This project has published a short policy paper for humanitarian donors and funders seeking to provide a more enabling environment for South Sudanese NGOs. Exploring the reality of the struggles and strategies of local and national organisations during complex emergencies, the paper outlines recommendations for donors and funders relating to each of the project's key findings as published in the full report.

Read the short policy paper with recommendations.

Please lick below for an abridged list of the research project's key recommendations for donors and funders.


Read headline policy recommendations

  • Donors and other Grand Bargain signatories should restate their commitment to supporting South Sudanese organisations in South Sudan, clarifying the aims of the commitments in their work and identifying priority areas.
  • Set up systems that are able to track funds distributed to South Sudanese NGOs. There is also a need to develop interim targets and pilots that are substantive enough to test how and whether localisation achieves its stated aims and to facilitate mutual trust-building. These should be complemented by initiatives that facilitate political oversight of spending, including a proportional increase into research initiatives to understand risks, such as the tiered due diligence initiative at the Start Network.
  • Invest in longer-term commitments that provide predictability in funding and include support for administrative capacity. This must include reviewing contracts with UN agencies and pooled funds around the length of funding and quality of subcontracting relationships (such as payment terms, and predictability). For example, insisting that indirect costs be provided to downstream partners, at the same percentage provided to first tier partners, would make a significant difference to South Sudanese organisations.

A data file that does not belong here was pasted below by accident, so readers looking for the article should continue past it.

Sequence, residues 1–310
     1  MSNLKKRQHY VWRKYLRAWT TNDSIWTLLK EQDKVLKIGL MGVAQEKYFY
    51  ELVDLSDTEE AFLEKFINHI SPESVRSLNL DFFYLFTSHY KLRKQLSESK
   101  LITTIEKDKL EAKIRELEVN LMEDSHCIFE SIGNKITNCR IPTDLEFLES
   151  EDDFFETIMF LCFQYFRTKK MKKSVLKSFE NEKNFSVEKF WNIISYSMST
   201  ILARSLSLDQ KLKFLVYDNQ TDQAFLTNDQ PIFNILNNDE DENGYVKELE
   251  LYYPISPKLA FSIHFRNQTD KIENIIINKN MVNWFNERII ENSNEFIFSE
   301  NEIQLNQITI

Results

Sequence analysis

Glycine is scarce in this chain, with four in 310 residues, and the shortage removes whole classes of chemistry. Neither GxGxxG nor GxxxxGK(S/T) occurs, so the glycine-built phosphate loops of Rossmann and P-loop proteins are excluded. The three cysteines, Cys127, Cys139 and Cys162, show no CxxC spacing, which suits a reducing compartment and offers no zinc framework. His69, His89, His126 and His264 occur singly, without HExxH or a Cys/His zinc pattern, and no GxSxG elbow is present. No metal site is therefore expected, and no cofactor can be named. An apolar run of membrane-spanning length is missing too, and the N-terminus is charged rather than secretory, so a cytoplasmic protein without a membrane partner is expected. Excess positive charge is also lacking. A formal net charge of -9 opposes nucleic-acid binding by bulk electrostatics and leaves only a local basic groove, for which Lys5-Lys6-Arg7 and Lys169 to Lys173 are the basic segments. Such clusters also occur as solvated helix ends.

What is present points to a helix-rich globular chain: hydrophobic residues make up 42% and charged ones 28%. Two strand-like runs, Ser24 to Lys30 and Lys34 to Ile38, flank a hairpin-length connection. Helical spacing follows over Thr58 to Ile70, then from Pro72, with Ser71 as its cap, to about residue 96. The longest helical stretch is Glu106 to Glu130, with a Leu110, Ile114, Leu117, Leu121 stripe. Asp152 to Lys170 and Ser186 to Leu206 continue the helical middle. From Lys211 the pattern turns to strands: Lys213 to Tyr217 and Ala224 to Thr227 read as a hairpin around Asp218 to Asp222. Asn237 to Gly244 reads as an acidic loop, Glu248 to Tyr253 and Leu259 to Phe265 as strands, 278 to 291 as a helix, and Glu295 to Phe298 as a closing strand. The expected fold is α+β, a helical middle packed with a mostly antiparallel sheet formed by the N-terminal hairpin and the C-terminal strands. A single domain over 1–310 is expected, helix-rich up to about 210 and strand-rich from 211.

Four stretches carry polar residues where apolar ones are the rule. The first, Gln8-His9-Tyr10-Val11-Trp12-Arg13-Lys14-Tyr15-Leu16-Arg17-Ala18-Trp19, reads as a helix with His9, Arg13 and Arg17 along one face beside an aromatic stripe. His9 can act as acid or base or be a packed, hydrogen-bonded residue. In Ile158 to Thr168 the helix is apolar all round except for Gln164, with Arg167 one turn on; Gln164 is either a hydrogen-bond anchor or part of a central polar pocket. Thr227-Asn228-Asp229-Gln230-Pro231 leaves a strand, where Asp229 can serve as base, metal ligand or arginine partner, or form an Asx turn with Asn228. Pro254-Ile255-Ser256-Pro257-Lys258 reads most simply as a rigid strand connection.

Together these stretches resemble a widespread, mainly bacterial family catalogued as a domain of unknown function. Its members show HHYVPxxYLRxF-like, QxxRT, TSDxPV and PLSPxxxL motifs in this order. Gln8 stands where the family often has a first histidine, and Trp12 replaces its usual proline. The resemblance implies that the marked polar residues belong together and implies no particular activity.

• Specific support mechanisms are needed to facilitate inclusion of South Sudanese NGOs founded by groups with low social, economic and political capital, including women’s associations and organisations. Further dedicated research exploring gendered dynamics within the South Sudanese NGO sector, and the challenges facing women-led organisations in South Sudan, would also be beneficial.
  • Support capacity building efforts that provide funding for core organisational costs and acquisition of assets to facilitate longer-term organisational sustainability.
  • Decentralise pooled funding decisions to avoid skewing the system and increasing over-reliance on Juba. OCHA sub-national offices might also play a greater role in convening, engaging and supporting more local actors.
  • Donors and UN agencies must consider the reputational and security risks taken on by organisations in remote areas and incentivise their major suppliers to provide for the safety of their subcontrator’s staff. Donors and contracting agencies must also work together to ensure that affordable and accessible insurance and evacuation services are made available to downstream partners.
  • Donors and international organisations engaging in particular localities should invest in analysis of local economies, avoiding assuming clear distinctions between local, national and international. It is essential to pay attention to local dynamics especially as these do not often fit within the clear normative orthodoxies of international debates. In addition, future research could usefully explore the forms of authority that emerge through South Sudanese NGOs. It would be useful to ask if alternative visions of political communities are formed, and how NGO work by INGOs and South Sudanese NGOs contributes to emerging ideas of citizenship and reconciliation.


Research team

The research team led by Leben Moro, Naomi Pendle, Alice Robinson and Lydia Tanner.

The research team included Freddie Carver, Latjor Dang, Chuol Gew, Puot Mabor, Rose Mabu, Ngot Mou, Martin Ochaya and Christopher Oringa.

For more information please visit the research project page here.